Anyone who has read The Diving Bell and the Butterfly (1997) or seen the film which was made ten years later, describing effectively the ‘view from the inside’, will know that it is impossible not to be moved by such tragic cases. That autobiographical story was ‘written’ by Jean-Domenique Bauby, the glamorous former editor-in-chief of Elle magazine, who, having suffered a massive cerebrovascular incident (a type of stroke) at the age of 43, awoke from a coma three weeks later suffering from locked-in syndrome and able to move only his head and one eye, but with his mental faculties intact.  The story was ‘dictated’ to assistants using a method called ‘The Silent Alphabet’ and involved Bauby blinking his left eyelid to indicate letters, each word taking up to two minutes to get onto paper.  Bauby’s daughter, who was only seven at the time, recalls looking deep into her father’s opened eye and not recognising him.  She apparently cried out, “This is not my father, you are lying!” before running out of the room.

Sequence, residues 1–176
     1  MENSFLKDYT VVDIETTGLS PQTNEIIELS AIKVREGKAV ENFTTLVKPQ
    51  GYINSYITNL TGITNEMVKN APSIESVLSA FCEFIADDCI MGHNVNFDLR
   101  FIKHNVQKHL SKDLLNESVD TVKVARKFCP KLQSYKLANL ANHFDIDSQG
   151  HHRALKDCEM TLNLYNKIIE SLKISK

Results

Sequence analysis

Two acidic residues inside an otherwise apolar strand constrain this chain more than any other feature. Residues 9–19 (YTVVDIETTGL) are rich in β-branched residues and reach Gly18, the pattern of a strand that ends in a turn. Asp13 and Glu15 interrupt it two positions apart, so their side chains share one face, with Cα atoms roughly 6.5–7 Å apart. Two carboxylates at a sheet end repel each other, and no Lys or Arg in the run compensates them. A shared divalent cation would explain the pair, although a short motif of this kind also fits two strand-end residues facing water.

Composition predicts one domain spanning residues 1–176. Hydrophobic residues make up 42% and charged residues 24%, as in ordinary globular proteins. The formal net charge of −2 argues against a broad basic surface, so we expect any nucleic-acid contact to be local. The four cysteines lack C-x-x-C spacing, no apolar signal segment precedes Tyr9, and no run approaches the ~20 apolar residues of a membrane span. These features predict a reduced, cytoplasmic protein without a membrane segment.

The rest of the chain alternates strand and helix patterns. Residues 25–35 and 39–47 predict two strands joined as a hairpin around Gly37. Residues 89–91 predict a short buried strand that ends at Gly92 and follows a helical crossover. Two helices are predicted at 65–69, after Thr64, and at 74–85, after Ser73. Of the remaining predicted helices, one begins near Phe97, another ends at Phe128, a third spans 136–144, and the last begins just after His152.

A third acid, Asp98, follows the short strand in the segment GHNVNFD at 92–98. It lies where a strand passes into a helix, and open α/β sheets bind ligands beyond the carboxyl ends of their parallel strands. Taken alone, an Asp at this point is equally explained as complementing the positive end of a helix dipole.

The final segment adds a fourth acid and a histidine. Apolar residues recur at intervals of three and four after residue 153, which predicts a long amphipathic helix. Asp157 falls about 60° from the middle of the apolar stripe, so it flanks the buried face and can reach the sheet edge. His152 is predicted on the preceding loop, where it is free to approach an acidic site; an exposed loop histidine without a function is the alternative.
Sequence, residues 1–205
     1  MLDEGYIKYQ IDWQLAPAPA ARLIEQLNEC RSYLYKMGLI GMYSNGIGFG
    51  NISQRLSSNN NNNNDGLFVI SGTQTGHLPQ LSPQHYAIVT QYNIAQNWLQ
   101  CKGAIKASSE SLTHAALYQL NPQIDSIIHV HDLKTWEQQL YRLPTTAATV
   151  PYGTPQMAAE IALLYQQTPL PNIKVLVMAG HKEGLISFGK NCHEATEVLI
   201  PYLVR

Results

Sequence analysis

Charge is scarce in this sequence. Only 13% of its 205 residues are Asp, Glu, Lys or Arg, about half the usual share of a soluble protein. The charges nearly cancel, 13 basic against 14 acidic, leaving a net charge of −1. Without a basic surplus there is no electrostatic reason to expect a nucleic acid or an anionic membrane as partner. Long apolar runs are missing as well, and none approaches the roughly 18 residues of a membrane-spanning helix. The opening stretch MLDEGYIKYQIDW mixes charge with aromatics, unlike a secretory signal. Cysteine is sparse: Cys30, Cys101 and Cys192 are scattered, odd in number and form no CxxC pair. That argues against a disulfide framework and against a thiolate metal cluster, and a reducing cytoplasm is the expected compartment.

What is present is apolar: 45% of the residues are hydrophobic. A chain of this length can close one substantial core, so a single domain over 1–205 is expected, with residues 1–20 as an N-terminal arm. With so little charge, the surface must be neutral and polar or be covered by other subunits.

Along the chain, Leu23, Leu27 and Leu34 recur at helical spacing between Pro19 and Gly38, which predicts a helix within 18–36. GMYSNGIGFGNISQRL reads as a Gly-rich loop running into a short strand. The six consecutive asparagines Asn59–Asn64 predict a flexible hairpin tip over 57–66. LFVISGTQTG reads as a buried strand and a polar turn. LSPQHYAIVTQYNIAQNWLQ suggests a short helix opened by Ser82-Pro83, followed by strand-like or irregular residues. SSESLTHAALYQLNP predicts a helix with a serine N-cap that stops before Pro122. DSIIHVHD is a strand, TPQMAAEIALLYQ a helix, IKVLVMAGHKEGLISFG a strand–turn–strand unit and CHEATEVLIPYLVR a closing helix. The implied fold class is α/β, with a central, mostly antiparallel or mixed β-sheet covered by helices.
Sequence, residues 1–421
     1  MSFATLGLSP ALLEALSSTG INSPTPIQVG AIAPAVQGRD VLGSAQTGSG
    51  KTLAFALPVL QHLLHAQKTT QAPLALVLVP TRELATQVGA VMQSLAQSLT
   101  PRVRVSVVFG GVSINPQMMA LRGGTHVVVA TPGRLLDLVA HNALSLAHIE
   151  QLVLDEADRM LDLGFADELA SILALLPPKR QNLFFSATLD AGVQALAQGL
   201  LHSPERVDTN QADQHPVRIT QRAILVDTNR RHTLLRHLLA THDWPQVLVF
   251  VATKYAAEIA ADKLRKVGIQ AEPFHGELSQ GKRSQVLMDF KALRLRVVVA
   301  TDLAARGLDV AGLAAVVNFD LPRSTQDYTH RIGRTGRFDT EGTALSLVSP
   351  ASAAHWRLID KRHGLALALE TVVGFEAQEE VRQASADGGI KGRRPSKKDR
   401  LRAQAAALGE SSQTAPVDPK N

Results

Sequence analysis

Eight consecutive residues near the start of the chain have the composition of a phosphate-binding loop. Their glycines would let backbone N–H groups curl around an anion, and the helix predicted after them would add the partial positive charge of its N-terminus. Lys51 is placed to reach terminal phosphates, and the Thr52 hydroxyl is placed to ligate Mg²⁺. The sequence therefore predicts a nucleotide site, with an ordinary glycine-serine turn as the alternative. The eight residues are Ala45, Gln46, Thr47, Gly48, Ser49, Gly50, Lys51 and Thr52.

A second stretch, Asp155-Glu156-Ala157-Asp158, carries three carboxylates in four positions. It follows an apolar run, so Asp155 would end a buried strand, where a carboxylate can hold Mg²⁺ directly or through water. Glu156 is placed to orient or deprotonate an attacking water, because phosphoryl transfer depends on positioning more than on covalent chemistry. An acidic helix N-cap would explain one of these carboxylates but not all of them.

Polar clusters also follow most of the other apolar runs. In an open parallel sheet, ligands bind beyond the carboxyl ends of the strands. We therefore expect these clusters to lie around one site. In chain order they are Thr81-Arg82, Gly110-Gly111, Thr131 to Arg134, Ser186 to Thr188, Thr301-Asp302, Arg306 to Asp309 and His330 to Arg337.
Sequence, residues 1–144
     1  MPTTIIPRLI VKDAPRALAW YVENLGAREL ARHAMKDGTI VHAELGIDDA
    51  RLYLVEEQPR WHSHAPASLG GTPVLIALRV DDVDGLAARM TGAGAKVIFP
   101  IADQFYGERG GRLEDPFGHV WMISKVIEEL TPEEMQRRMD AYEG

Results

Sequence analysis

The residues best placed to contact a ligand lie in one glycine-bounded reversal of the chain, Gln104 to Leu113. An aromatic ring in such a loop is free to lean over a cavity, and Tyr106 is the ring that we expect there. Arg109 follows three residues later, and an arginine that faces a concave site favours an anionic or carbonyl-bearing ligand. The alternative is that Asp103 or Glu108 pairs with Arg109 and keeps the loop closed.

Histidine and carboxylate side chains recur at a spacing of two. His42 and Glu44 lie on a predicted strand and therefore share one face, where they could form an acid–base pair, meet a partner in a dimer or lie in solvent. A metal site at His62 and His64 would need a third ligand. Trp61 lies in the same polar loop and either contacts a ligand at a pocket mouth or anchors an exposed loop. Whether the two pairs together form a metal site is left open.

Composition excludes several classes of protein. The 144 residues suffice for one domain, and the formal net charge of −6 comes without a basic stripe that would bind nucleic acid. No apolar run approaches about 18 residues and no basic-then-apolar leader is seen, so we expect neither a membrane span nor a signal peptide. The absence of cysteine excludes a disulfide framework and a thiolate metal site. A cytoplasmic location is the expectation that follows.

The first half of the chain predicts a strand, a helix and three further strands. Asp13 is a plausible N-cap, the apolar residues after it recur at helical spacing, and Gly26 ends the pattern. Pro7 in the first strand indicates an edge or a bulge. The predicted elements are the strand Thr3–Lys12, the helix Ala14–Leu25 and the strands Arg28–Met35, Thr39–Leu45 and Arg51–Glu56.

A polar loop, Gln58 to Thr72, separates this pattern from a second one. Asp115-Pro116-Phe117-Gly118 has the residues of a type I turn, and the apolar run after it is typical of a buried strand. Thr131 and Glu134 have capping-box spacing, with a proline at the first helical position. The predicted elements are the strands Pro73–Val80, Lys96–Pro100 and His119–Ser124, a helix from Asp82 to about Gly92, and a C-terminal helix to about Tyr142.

Bauby did not express a wish to die, although that wish is attributed to him in the film.  He died, like Tony Nicklinson, of pneumonia.  Paul Briggs is unable to communicate any wishes, but his family feel certain that as “the kind of person who lives for the moment” and to whom the “most important thing is independence” he would not wish to continue life ‘as a vegetable’.  (Bauby apparently joked that when people heard he was a vegetable, he asked “What sort of vegetable?  A carrot? A leek?”)